Clay Anderson is going to be able to look back on his high school sports career at Flowery Branch High with no regrets.
Free time was scant for this three-sport standout, who set a new school record with 12 varsity letters, but the drive to compete meant more to him than having idle hours.
“I just really enjoyed playing all the sports,” said Anderson, who will be attending Georgia College in the fall. “I think kids should play as many sports as they can, as long as they’re having fun with it.”
With complete support from his family, including his parents Eileen and Douglas, Anderson lettered all four years of high school for the Falcons in football, wrestling and track and field.
Some would call Anderson a throwback to the times when players weren’t clamoring for college scholarships and opportunities at the next level. There’s ample speculation that athletes, in general, are playing fewer sports than in past decades.
However, that certainly doesn’t apply to the mild-mannered Anderson, who finished high school with a GPA above 4.0.
Simply put, Anderson liked playing all the sports, so he wasn’t going to miss out on those opportunities.
Right now, he plans to study business in college.
“Clay’s an outstanding kid and really demonstrates what high school sports is all about,” Falcons football coach Ben Hall said. “Three-sport kids are few and far between these days.”
For now, Anderson won’t be playing sports in college, but he’s not closing all his doors. He’s spending his summer conditioning and working on the discus, knowing there’s an opportunity to join the program at Western Carolina University, in the future, if he chooses to do so.
Anderson gravitated to playing the most physically-taxing sports, even though he also dabbled in baseball and soccer as a kid.
Those two, however, were not his cup of tea.
At about 220 pounds, Anderson has always maximized his size and strength to his advantage.
Wrestling has always been his favorite and he was highly successful grappling, but he thinks the throws in track and field would provide the best opportunities to compete at the next level.
In football, Anderson was a Swiss Army knife for the Falcons, earning playing time primarily on the defensive line, but also at fullback and special teams.
All four years in high school, Anderson was part of a playoff football program. He said his fondest memory on the gridiron was beating their biggest rival, Gainesville, all three times.
Hall said all of the coaches at Flowery Branch actively encourage athletes to be involved in as many sports, as possible.
Anderson, he said, is a great example of showing how it can be done successfully.
“You don’t want to look back at 25 or 30 years old and regret not playing a sport you wanted to try,” Flowery Branch’s football coach said. “I’ve never had a player look back later and regret that they played.”
Anderson speaks with great enthusiasm about wrestling.
As a senior, he took third place in Class 4A in the 220-pound class. In 2020, he took sixth place at the same weight.
He was equally pleased with the growth of Flowery Branch’s wrestling program from 2017-2021.
Anderson said they really saw improvement in 2021, taking third place in the team standings at the traditional state meet.
The prior year, just before the COVID-19 outbreak, Flowery Branch had ‘8 or 9’ wrestlers get through to the state brackets.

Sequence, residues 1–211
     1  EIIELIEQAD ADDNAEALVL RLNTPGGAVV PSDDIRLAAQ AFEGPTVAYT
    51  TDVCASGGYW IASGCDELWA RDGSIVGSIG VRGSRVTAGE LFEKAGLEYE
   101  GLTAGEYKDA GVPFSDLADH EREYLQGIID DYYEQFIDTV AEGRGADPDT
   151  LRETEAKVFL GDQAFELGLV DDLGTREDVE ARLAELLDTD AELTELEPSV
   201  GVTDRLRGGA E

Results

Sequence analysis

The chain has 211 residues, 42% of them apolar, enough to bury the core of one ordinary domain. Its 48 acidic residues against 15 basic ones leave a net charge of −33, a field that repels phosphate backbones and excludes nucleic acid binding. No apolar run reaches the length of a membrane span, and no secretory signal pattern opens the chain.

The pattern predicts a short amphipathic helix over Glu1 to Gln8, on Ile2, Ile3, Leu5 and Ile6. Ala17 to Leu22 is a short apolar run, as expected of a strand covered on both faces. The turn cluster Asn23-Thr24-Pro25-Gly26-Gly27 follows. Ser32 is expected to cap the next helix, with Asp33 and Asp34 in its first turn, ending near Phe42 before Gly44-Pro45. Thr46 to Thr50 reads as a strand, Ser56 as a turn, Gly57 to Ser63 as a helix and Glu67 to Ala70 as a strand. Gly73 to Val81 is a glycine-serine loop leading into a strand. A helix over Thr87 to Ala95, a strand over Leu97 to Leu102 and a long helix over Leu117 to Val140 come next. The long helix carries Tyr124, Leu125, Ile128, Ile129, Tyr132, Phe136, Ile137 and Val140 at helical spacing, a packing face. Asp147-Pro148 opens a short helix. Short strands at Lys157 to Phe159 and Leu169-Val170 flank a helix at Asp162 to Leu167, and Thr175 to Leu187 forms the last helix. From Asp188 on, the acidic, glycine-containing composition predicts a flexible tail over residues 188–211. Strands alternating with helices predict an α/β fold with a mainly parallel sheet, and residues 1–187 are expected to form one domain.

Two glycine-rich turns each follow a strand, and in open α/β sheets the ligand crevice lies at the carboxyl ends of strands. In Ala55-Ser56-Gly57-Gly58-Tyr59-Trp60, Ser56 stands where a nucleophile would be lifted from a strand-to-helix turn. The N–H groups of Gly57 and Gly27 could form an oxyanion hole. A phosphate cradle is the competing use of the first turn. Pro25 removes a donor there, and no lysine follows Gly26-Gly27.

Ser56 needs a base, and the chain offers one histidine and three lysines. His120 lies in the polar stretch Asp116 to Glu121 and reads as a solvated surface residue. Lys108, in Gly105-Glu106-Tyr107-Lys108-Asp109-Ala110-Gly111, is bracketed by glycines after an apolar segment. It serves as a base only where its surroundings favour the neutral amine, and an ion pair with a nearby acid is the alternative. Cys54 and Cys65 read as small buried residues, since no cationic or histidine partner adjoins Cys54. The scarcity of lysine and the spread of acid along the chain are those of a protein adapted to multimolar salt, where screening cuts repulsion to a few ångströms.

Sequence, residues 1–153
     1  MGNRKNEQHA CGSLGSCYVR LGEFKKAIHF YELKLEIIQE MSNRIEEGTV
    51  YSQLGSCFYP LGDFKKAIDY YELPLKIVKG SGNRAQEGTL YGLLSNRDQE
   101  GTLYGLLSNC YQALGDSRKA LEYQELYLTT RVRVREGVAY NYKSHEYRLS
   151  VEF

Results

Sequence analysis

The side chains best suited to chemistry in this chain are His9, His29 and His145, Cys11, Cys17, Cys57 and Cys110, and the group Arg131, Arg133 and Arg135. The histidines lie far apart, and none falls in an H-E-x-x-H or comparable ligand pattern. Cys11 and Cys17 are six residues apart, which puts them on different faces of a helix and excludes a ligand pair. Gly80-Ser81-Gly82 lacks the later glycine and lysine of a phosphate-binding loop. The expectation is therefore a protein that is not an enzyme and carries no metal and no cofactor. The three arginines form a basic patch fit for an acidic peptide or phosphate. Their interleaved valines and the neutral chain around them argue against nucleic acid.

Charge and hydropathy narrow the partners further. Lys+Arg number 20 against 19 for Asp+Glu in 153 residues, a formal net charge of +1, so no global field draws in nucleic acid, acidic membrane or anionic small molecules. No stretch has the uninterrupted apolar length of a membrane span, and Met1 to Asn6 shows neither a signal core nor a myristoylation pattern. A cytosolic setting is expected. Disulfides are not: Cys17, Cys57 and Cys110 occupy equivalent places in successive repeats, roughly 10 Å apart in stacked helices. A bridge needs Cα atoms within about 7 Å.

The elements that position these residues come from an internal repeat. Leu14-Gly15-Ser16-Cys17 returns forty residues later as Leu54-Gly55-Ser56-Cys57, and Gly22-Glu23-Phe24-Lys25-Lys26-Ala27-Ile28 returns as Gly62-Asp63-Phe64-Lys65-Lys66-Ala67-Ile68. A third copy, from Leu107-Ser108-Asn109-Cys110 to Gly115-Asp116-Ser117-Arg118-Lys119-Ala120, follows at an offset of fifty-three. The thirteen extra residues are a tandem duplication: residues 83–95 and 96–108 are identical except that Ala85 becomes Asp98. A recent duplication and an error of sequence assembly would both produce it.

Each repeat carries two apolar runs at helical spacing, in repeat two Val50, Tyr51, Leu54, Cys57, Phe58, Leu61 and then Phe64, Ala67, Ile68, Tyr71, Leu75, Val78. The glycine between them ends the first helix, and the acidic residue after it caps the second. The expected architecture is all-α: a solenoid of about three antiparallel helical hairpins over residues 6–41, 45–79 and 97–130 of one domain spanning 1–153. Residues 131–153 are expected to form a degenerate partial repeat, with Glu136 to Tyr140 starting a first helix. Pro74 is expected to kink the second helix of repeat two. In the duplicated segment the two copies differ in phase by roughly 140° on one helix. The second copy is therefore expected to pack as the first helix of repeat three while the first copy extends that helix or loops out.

In the spring, Anderson was constantly trying to perfect his craft in throwing the discus.
As a senior, he took fifth in Class 4A with a throw of 152 feet. His personal best was 157 at the state sectionals.
He always enjoyed the technical aspect of throwing the discus, knowing it relied on form just as much as brute strength.
“My favorite thing about track and field was seeing what you’re doing wrong and getting better with your (personal best),” Anderson said. “There’s nothing better than improving yourself.”
Anderson always used his size to his advantage, even though it’s still a mystery where it came from in the family tree.
Anderson said his father was a highly-decorated 113-pound wrestler, growing up in Washington State. Clay said his mother and two sisters are also both small in stature.
“I’ve always been bigger than my friends,” Anderson said. “I was 215 pounds in the eighth grade.”
Anderson said another benefit of being successful in athletics and academics in high school was learning time-management skills for college.
Even on days when he wanted a break from sports, the three-sports standout had things structured to complete everything on his daily checklist.
First, he’d knock out homework, especially on days when there was a late game, match or meet.
Then, he could devote the remainder of the day to that particular sports season.
Currently, Anderson said this is the first time he can recall not having a sports season he’s preparing to play. Even in the summer, he’d typically have football conditioning.
Right now, he’s working out at home and going to work on throws at Flowery Branch High.
However, sports has always been a labor of love for Anderson, especially after seeing how the loss of the 2020 spring season to the coronavirus precautions negatively impacted that senior class.
Last spring, Anderson said he was only a few weeks into track season when they were forced to shut it down.
So in 2020-2021, Anderson devoted every ounce of energy into everything he did in sports and the classroom.
However, it wasn’t until the track and field season-ending banquet that Anderson realized he had a new school record for varsity letters at Flowery Branch High, which opened in the fall of 2002.
“I never thought about setting the school record as a goal,” Anderson said. “I just enjoyed the experiences getting to play all three sports.”